The distinction to be drawn here is not that the Lakota faith is any better than the rest of them, but rather that it's a minority religion with no political power. I'm similarly not as worried about New-Agers or Fore highlanders in New Guinea or Zoroastrians, not because they're any nicer or more sensible than Christians or Muslims, but because to my knowledge in recent times they've never killed anyone who made a film they didn't like, nor are they in a position to force my kids to learn their creation myths as fact in public schools. Whether those religions would seek political power in some alternate universe where they became widely practiced is another question - one to which I think a "no" answer is difficult to support, given the pattern that has been repeated so many times throughout history. In that universe I'm sure there would be Lakota holy men testifying before the Prairie-Nations Council that medical students who refused to tie bedside prayer flags before operations should be disbarred.

Of course, the two dominant politically aggressive religions on the planet today are Christianity and Islam, in all their mutant forms. All too often I see atheists backing off from sharp criticism of Islam, probably because most such criticism they've heard before has the subtext of "and they should all become Christians" (or supertext, in many cases, like General William Boykin's rant). In fact I would even argue that the inroads Islam has made into secular Europe is a result of similar postcolonial oversensitivity. Make no mistake: Islam is politically as dangerous as Christianity, many of its practitioners expect you to accept it without question, and it's kept many of the countries where it's dominant as medieval theocracies. (For a taste of what life is like for women in Muslim-dominated Somalia, read Infidel by Ayaan Hirsi Ali); if you have a stronger stomach try this CNN article. For a much fuller and more comical atheist treatment of Islam you could watch the comedian Pat Condell or read the outstanding God is Not Great: How Religion Poisons Everything by the inimitable Christopher Hitchens.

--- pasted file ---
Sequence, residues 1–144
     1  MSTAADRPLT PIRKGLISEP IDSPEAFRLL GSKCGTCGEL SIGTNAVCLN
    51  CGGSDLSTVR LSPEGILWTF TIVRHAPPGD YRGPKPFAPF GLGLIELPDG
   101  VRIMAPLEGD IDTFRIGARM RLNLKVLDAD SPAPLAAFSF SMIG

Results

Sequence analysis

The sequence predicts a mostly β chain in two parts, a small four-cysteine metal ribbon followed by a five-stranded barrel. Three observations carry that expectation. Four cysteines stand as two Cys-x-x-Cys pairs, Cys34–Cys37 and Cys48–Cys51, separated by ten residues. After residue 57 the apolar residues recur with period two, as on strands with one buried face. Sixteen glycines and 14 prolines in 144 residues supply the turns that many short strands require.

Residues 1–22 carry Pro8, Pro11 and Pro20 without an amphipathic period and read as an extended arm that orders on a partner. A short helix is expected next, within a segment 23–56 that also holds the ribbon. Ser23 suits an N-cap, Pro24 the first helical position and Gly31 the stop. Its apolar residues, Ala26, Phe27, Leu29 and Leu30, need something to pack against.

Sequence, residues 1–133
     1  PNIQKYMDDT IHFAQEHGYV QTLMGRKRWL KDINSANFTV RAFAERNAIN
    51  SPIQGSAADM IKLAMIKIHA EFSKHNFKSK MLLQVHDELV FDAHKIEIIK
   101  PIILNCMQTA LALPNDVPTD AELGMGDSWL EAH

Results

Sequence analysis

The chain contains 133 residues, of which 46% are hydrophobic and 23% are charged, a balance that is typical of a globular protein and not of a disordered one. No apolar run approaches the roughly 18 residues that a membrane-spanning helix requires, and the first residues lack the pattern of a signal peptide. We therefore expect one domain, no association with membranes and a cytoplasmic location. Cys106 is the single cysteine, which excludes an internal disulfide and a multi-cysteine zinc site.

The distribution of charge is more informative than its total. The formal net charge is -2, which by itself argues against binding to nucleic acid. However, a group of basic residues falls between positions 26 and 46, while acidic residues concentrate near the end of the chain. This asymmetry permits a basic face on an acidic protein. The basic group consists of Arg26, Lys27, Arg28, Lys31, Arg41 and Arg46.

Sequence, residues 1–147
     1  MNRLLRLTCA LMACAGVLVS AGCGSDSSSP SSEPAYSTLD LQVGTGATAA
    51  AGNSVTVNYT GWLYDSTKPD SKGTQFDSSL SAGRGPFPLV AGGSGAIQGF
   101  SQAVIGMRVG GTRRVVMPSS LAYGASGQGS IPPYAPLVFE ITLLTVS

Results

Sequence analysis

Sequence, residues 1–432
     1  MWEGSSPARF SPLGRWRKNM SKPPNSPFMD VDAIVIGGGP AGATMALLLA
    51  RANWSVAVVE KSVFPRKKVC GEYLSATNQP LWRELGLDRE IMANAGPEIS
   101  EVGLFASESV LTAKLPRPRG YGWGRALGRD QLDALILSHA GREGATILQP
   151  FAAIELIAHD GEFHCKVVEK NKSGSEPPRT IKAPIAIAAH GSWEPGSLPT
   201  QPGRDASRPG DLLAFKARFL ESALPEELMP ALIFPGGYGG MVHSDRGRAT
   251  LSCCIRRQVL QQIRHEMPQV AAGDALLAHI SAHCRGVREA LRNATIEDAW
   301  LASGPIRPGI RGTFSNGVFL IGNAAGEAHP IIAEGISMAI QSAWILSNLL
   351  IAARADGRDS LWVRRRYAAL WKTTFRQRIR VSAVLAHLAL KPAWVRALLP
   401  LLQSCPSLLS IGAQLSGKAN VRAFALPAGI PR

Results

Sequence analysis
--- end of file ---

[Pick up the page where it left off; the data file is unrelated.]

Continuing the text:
I know that many atheists who read this will get "icked out", but there's no segue here into a discussion of American Christian values - I'm just a regular atheist who's disgusted with the suffering the politically powerful religions inflict on humans for no reason other than their own perpetuation. 2008 is no time for atheists to get confused about this - as Karl Popper said in The Open Society and Its Enemies, the one thing we cannot tolerate is those who seek to limit tolerance - for example, limiting your ability to criticize religion in public debate. This has happened right here in North America, and not just with Christianity. It can't be tolerated from any quarter.

And here is why shrinking from criticism of Islam is a missed opportunity. Western Atheists can be even more militant and unreserved about bashing Islamic stupidity because we're honest - we have no subtext to serve. One atheist I know has a bumper sticker: "ATHEISM CURES RELIGIOUS TERRORISM". Criticism of Islam also provides a possible common ground for discussions with conservative Christians in America - you can explain that both of you are atheists with respect to Islam and talk about, in rational terms, exactly why Islam is silly. This makes a kind of psychological end-run around the human mind's ability to doublethink its way past chains of reasoning distasteful to it, by not triggering immediate defenses. A thorough deconstruction of Allah, echoing in the mind of a Christian, quite logically leads to similar questions inevitably leaking into the brain-space reserved for Christ. This is why Sam Harris and others have at times used this exact rhetorical approach.

In the end, the important point is that all religions are false and harmful arguments from authority, even if from pragmatism we're forced to spend our time worrying about one or a few that affect our life the most. Don't be confused by politically aggressive religions claiming that to reject them is intolerance. Use your rejection of "foreign" religions as a tool for public debate with Christians and conservatives. As an atheist, you know what your values are: public life must be grounded in secular values accessible by reasoned argument and your own senses, and protected from those who would argue from authority. God is not great, but secular democracy is.